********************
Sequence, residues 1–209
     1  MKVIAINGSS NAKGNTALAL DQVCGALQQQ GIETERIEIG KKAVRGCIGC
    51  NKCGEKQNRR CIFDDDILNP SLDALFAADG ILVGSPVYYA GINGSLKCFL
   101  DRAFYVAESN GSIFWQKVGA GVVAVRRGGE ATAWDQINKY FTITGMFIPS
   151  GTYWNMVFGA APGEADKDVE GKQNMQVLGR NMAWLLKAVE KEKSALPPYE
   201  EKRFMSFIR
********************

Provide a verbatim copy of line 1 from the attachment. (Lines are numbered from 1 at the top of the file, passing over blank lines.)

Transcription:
Sequence, residues 1–209